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Bernacchi, Angelo Giulio Diego (1853–1925)

by Margaret Weidenhofer

This article was published in Australian Dictionary of Biography, Volume 7, (MUP), 1979

Angelo Giulio Diego Bernacchi (1853-1925), entrepreneur, was born on 1 July 1853 at Lozza, Como, Italy, son of Luigi Bernacchi, landowner and lawyer, and his wife Teresa, née Cortellezzi. Educated at a technical school at Varese and for four years at Barmen, Prussia, on 20 September 1876 he married Barbe Straetmans in Brussels. They settled in England where Bernacchi represented the silk-spinning firms, Societa per la Filatura dei Cascami de Seta of Milan and Arles Dufour & Co. of Basle and Lyons. He and his wife and three small children arrived in Melbourne, on 13 January 1884 in the Orient, and went on to Tasmania next day.

Bernacchi wished to introduce sericulture to the colony and chose Maria Island, which enchanted him. In April the family moved to the former convict settlement of Darlington at the north of the island. Although many colonists were suspicious of the charming, persuasive Italian, the Maria Island Leasing Act was passed on 24 November 1884 granting Bernacchi a lease from 1 January 1885 for ten years at one shilling a year. The conditions included outlaying £10,000 and establishing sericulture and viticulture within twelve months. At the end of the first five years, if the lessee had expended £5000 he would be entitled to select 500 acres (202 ha) on the island as freehold at £1 per acre. If either industry were established by 1895, Bernacchi would be entitled to a forty-year lease at £300 per annum. He soon spent £1000 on improvements to Darlington, planting orchards and 50,000 vines from the de Castella vineyards in Victoria.

In 1886 Bernacchi was naturalized and invited parliamentarians to inspect the island. They were welcomed with fireworks, brilliant Chinese and Venetian lanterns, and champagne banquets. The first grapes were picked in May. (Sir) Matthew Davies visited the island and was so impressed that he became Bernacchi's partner. The Maria Island Co. was floated in 1887 with a capital of £250,000 and Bernacchi as resident managing director. The company planned to establish a township and its intended interests included sericulture, wine-making, fruit-growing, farming, cement, limestone and marble, fisheries, and sheep and cattle fattening. Darlington, renamed San Diego, by 1888 was a boom town of about 250 people of a dozen nationalities. Buildings had been repaired and others erected, including a hotel and coffee palace. The island was dubbed 'the Ceylon of Australasia, and a Tasmanian Eden'. In 1888 Bernacchi was appointed a justice of the peace; next year he was to represent Tasmania at the Paris Exhibition but did not attend; and in 1889-92 he was a municipal councillor at Spring Bay, where the family now lived at Louisville.

In 1892 the Maria Island Co. was voluntarily liquidated and Bernacchi went to England where he floated the Land Development and Cement Co. of Tasmania Ltd to produce cement on the island. But a financial crisis, the depression, over-optimism and grandiose ideas contributed to his failure. San Diego again became a ghost-town, its name reverting to Darlington. The Bernacchis and their daughters returned to England about 1897, their son Roderick remaining in Melbourne in charge of his business and his father's interests.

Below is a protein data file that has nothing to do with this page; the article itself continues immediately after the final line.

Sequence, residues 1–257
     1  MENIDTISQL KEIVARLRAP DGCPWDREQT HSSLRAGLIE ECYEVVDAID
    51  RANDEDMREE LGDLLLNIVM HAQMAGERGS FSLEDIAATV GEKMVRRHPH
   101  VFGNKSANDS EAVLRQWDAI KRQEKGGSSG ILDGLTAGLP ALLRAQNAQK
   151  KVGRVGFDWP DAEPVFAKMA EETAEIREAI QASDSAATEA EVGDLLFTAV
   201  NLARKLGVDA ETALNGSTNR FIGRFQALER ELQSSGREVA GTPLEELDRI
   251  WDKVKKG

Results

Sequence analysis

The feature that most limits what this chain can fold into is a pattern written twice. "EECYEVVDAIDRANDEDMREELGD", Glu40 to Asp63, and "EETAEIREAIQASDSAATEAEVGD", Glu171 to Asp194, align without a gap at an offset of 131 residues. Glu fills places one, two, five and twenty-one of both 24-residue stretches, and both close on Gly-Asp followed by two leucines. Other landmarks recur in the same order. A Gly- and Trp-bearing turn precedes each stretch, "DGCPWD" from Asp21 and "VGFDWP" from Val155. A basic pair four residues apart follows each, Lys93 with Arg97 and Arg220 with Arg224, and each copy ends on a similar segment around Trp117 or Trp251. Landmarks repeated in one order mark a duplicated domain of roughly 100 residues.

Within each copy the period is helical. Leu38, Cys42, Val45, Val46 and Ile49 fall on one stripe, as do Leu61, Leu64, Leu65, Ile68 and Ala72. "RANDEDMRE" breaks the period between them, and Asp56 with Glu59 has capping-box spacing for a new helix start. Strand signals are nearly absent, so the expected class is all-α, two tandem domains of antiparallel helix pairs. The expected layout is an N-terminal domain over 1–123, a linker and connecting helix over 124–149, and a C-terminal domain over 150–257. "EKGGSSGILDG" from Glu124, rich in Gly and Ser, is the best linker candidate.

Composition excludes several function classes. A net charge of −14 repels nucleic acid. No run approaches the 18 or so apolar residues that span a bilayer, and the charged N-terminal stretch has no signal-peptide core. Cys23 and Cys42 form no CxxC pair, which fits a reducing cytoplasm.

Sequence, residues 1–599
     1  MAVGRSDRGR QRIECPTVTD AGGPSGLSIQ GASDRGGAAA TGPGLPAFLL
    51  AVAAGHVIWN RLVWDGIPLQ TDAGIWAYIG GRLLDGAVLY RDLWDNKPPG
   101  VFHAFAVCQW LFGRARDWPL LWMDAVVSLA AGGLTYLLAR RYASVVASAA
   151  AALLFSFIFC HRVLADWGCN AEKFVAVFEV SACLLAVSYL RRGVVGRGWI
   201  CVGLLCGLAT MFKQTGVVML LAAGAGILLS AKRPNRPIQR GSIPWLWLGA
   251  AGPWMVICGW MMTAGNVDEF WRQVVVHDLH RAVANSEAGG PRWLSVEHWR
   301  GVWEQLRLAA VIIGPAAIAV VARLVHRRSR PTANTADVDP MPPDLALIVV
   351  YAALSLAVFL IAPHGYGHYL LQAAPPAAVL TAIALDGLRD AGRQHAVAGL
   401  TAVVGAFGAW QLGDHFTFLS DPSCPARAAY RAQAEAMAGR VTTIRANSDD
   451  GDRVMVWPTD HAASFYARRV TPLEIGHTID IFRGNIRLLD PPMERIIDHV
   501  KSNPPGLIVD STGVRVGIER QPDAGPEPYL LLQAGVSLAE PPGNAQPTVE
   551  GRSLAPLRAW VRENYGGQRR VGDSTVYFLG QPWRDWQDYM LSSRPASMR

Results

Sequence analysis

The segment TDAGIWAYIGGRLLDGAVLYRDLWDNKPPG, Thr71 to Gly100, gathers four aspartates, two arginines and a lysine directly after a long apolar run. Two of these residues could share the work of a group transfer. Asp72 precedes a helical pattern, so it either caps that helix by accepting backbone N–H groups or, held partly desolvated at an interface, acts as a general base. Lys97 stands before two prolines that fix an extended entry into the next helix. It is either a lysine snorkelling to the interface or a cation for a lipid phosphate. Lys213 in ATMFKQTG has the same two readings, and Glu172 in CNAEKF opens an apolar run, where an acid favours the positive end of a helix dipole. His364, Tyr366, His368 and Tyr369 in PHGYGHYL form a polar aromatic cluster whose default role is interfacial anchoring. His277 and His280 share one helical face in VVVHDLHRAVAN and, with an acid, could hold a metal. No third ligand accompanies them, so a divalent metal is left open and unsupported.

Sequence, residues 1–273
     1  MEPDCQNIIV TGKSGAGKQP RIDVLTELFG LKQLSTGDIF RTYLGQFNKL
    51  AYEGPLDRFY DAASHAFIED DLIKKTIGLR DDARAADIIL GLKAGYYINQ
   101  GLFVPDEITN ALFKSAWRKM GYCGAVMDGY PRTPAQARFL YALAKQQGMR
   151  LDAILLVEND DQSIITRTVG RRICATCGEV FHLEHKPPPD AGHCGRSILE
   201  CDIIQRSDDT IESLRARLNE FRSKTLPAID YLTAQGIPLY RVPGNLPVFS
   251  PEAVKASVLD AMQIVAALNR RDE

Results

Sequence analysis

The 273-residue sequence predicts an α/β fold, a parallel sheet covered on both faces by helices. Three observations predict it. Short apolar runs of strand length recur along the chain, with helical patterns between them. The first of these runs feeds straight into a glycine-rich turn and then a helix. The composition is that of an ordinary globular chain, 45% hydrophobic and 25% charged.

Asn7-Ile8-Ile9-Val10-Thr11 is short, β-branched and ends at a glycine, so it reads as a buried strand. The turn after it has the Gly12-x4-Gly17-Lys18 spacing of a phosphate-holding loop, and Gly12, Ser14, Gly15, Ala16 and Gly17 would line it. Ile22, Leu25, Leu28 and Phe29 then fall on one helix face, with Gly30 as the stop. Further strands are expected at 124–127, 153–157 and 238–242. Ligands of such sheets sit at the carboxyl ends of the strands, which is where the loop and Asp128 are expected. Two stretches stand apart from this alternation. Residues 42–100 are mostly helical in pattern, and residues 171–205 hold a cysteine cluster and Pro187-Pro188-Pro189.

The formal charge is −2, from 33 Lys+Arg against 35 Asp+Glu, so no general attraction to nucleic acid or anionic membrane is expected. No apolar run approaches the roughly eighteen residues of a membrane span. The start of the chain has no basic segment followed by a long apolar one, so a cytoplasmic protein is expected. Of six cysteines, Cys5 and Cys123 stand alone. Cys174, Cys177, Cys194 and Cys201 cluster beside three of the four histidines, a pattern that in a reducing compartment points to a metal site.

In 1918 Bernacchi returned to Australia as a director of National Portland Cement Ltd, which had an authorized capital of £600,000. (Sir) Robert Knox, a director, went to Denmark to buy the best equipment available and supervise its shipping to the island. Production began shortly before Bernacchi became ill and left the island; he died in Melbourne of cerebro-vascular disease on 12 March 1925. Predeceased by his wife, he was buried in Brighton cemetery, survived by three daughters and two of his three sons. His estate was sworn for probate at £481.

The company ceased business in 1930. Prosperous when he had arrived in the colony, Bernacchi had the temperament of a gambler and lived on his wits promoting companies, but he never enjoyed much prosperity. From the 1890s onwards he was stout, with a moustache. He spoke several languages, and was popular, charming and a benevolent employer. The most colourful story about him alleges that he tied bunches of grapes on the vines to impress visiting dignitaries. He built up the island's reputation in Australia and overseas, and frequent newspaper coverage in the 1880s and 1890s used terms such as 'King Diego' and 'His Most Amiable Majesty'. His eldest son, Louis Charles, became a distinguished Antarctic scientist.

Select Bibliography

  • ‘Dio’ (C. Morton), Maria Island (Hob, 1888)
  • M. Weidenhofer, Maria Island (Melb, 1977)
  • Parliamentary Papers (Tasmania), 1884 (40), 1886 (17, 103, 134, 172)
  • Age (Melbourne), 14, 15 Jan 1884, 18 Oct 1886
  • Mercury (Hobart), 28 Jan, 12 Mar 1884, 25 Apr, 5 May, 13 Oct 1888
  • Tasmanian Mail, 23 Aug 1884, 8 May 1886
  • Examiner (Launceston), 18 Jan 1896
  • private information.

Citation details

Margaret Weidenhofer, 'Bernacchi, Angelo Giulio Diego (1853–1925)', Australian Dictionary of Biography, National Centre of Biography, Australian National University, http://adb.anu.edu.au/biography/bernacchi-angelo-giulio-diego-5218/text8743, published first in hardcopy 1979, accessed online 16 November 2018.

This article was first published in hardcopy in Australian Dictionary of Biography, Volume 7, (MUP), 1979

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